A Basic Addiction Primer
Addiction is a chronic, progressive, and sometimes fatal disorder with both genetic and environmental roots. It manifests as a compulsion that drives an individual to continue to behave in a way that is harmful to self and loved ones, despite an intense desire to halt that behavior.
It is a disease of "more" -- an active addict needs an increasing amount of substance to get high and is unable to cease usage without painful withdrawal symptoms. This is true whether the addictive substance is a drug -- such as alcohol, tobacco, marijuana, cocaine, or heroin -- or a behavior, such as gambling or sexual promiscuity.
Addiction transcends economic, social, racial, religious, occupational, or age groups. Addicts are not visually identifiable; it is impossible to pick out an alcoholic, drug addict, or the people who enable addictive behavior (co-dependents) from a gallery of photographs.
Alcohol, tobacco, and other drug abuse is costly. More than $275 billion dollars are spent annually in the United States on medical and social issues related to addiction. These costs include related crime, loss of work time, medical expenses from health-related injuries or illnesses, property damage, and treatment.
There is no known cure for addiction. Relapse is a part of the disease and may be triggered in a variety of environmental and emotional ways. Life-long monitoring is necessary, yet with appropriate identification, treatment, and self-care, an addict can live a productive substance-free life.
We know that addiction runs in families, but how is this "disease" transmitted? Is a person born with an "addiction gene" or with an "addictive personality," or is addictive behavior taught by family and society?
This classic question of nature vs. nurture is answered with a qualified "both."
Genetics of Addiction
There is evidence that heredity plays an important part in increasing the likelihood of an individual developing an addiction to illicit drugs, alcohol, and tobacco.
Researchers have compared alcoholism rates of adoptees born to alcoholic parents with those born to nonalcoholic parents. One study found higher alcoholism rates (two to three times higher) in sons whose natural parents were alcoholics than in sons whose natural parents were non-alcoholics.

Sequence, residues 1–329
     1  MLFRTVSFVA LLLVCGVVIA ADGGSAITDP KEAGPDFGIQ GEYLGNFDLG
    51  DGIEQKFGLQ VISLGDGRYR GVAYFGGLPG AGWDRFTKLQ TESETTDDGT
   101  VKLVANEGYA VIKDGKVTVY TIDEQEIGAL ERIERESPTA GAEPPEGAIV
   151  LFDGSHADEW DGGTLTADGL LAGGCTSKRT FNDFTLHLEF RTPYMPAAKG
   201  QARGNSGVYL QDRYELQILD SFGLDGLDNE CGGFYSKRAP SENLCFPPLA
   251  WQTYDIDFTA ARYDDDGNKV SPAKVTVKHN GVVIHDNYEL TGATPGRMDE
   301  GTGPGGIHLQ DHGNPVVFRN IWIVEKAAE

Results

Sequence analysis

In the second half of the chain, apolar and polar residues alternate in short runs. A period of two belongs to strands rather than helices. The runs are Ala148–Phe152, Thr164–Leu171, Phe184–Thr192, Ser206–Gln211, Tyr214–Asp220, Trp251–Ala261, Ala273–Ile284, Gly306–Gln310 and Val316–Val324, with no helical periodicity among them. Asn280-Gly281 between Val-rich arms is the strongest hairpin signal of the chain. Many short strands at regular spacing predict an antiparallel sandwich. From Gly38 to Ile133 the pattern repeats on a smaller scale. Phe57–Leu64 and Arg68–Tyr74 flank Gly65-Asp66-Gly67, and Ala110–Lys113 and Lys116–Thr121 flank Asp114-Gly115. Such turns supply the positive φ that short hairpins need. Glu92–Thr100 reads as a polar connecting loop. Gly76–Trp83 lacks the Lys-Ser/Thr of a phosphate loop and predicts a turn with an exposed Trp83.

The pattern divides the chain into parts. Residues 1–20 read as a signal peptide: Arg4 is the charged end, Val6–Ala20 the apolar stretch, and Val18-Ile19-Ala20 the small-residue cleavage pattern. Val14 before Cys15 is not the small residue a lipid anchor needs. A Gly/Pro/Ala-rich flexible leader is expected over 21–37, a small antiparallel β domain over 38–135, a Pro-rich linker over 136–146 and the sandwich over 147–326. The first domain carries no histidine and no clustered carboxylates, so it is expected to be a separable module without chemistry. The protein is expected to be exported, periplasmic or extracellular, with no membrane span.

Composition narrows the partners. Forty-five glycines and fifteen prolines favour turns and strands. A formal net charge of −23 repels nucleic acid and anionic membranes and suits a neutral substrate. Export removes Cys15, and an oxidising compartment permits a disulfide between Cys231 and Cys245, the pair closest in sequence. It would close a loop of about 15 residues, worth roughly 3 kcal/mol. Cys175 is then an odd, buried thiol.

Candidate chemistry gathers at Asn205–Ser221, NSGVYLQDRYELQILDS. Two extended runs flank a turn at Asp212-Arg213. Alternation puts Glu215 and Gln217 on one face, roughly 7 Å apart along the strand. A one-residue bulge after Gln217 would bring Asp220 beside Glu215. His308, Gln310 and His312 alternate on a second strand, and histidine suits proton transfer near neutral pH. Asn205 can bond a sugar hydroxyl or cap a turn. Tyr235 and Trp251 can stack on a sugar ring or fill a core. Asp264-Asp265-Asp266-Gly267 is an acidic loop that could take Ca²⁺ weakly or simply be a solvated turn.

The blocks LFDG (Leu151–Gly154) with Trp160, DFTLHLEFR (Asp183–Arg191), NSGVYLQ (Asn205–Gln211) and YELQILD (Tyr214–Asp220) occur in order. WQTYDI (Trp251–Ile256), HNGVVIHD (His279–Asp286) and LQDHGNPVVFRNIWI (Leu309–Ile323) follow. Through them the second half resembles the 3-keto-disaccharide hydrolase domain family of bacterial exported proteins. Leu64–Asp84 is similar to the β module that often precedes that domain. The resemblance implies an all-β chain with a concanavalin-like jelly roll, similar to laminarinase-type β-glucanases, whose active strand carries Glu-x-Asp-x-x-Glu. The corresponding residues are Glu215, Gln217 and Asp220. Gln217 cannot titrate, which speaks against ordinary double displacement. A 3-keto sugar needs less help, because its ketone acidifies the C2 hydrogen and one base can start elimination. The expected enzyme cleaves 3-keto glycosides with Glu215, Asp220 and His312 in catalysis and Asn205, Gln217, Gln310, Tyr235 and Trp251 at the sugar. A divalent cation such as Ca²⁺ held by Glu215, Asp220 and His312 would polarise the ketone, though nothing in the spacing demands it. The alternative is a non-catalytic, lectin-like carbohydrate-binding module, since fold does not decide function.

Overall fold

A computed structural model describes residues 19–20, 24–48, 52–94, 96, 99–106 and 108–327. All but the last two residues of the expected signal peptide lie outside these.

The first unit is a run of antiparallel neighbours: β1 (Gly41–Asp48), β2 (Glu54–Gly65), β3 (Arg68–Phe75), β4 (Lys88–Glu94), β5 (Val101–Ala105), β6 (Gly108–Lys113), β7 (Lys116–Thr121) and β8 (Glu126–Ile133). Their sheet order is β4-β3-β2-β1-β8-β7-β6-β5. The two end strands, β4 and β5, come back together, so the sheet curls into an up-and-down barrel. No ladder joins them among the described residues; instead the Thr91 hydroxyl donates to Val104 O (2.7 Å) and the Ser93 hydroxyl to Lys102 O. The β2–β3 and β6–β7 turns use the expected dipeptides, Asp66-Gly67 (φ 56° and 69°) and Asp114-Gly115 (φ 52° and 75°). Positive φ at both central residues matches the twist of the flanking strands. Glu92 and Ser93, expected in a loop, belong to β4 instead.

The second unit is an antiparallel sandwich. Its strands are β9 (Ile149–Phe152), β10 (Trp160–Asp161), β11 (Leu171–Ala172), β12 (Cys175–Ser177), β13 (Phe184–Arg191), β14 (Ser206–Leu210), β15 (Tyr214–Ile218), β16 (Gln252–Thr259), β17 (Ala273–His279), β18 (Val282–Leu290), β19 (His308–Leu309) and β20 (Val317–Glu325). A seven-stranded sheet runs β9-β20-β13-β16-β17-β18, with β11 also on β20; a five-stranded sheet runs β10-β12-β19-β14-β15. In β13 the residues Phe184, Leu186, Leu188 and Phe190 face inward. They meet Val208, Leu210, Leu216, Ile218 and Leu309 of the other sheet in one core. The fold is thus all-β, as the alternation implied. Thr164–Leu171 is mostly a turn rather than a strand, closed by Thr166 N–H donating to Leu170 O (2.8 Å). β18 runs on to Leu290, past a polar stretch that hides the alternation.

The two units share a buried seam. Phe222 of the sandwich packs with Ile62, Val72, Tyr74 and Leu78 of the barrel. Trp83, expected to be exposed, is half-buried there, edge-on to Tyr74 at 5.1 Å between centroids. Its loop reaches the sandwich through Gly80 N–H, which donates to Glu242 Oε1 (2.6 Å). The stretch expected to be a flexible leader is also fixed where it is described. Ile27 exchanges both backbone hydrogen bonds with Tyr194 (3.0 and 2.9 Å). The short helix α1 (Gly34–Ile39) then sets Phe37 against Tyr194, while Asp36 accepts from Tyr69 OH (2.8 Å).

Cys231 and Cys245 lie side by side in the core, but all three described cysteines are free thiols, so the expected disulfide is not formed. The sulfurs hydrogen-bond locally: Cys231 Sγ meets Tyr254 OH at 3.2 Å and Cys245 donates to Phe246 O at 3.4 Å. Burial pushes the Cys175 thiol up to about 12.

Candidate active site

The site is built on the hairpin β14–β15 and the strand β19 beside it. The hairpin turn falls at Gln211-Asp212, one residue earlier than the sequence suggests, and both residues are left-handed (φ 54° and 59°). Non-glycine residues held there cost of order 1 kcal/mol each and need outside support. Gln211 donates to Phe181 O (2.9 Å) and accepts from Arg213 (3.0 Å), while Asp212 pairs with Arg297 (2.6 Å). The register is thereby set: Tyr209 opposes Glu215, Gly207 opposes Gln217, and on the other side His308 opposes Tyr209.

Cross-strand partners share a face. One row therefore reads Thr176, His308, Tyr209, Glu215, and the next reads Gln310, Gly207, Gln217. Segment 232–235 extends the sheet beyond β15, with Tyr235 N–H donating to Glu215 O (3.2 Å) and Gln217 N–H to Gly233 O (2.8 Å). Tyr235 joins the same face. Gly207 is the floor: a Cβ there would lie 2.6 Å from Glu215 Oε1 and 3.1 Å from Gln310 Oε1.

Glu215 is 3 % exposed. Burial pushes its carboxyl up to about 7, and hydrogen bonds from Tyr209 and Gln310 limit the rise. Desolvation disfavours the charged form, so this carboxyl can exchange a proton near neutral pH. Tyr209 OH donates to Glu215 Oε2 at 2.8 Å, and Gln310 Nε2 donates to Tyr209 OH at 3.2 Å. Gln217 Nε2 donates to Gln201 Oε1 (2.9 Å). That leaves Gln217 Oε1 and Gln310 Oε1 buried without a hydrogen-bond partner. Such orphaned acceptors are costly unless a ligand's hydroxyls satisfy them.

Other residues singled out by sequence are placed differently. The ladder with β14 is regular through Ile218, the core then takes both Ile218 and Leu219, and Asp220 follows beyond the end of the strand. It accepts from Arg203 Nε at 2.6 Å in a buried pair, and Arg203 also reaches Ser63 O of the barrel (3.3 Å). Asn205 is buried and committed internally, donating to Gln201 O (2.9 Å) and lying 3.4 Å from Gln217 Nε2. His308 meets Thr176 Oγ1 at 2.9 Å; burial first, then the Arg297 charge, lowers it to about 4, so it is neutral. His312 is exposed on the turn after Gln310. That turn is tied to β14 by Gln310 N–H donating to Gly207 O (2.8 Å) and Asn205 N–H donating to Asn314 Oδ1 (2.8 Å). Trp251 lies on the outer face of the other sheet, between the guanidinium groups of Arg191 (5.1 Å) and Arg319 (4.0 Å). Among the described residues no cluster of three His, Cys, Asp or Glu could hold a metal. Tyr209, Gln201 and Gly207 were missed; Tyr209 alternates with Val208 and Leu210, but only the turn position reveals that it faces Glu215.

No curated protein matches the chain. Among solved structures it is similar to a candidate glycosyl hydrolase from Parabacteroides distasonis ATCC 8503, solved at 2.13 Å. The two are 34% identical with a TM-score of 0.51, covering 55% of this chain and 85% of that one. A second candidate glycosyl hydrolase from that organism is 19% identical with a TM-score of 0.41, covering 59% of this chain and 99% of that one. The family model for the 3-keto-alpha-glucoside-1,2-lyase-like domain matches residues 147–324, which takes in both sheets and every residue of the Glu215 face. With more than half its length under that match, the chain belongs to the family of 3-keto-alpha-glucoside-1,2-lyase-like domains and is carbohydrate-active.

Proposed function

Twin studies offer additional evidence. Monozygotic (identical) twins share an identical genetic makeup while dizygotic (fraternal) twins share, on average, only 50 percent of genetic similarities. Studies of male twins find that identical twins have 50 to 200 percent greater rates of alcoholism than fraternal twins. The abuse of sedatives, stimulants, cocaine, and opiates also follows this pattern and is associated with genetic predisposition.
is Also a Factor
Although both adoption and twin studies indicate that genetic factors contribute to a predisposition for addiction, they do not tell the entire story. Environmental factors also can increase the risk for developing addiction and/or assist in the development of resiliency skills that protect an individual from beginning to use addictive substances.
Many professionals focus primarily on environmental risk factors as determining a child's vulnerability to substance use and other behavioral health problems. These include demographics (geography, economics, crime rate, quality of schools) and familial factors (genetics, family addiction, family parenting skills).
A child from an urban, poor neighborhood with a high crime rate and poor school system is more likely to begin using chemical substances than his demographic opposite. Having a family history of addiction, living with active addicts, and being inadequately parented also increases the risk of using and abusing substances.
But not all kids from high-risk environments become casualties. When characteristics of successful (non-addicted) adults who came from at-risk backgrounds are studied it is found that these adults developed strengths (resiliency factors) that became survival tools.
Basic resiliency factors involve self-esteem and sound decision-making skills. Many school systems have developed curricula to foster this quality, but the primary garden of resiliency is the family.
Findings consistently show that the more adolescents feel a mix of unconditional love and loving boundaries (also called "loving control" or "loving autonomy"), the less likely they are to experience substance abuse and related problems.
Most critically, the longer initiation into substance use is delayed, the less likely addiction will result.
There is a saying that we cannot chose our family but we can choose our friends. Similarly, we have little ability to change genetic inheritance but we can support school and community prevention programs that effectively delay first use of alcohol and drugs and strengthen resiliency in at-risk youth.
If we couple prevention efforts with providing adequate treatment for those already addicted (and their families), a significant step toward addressing the disease of addiction will occur.
Copyright 2003 Judy Shepps Battle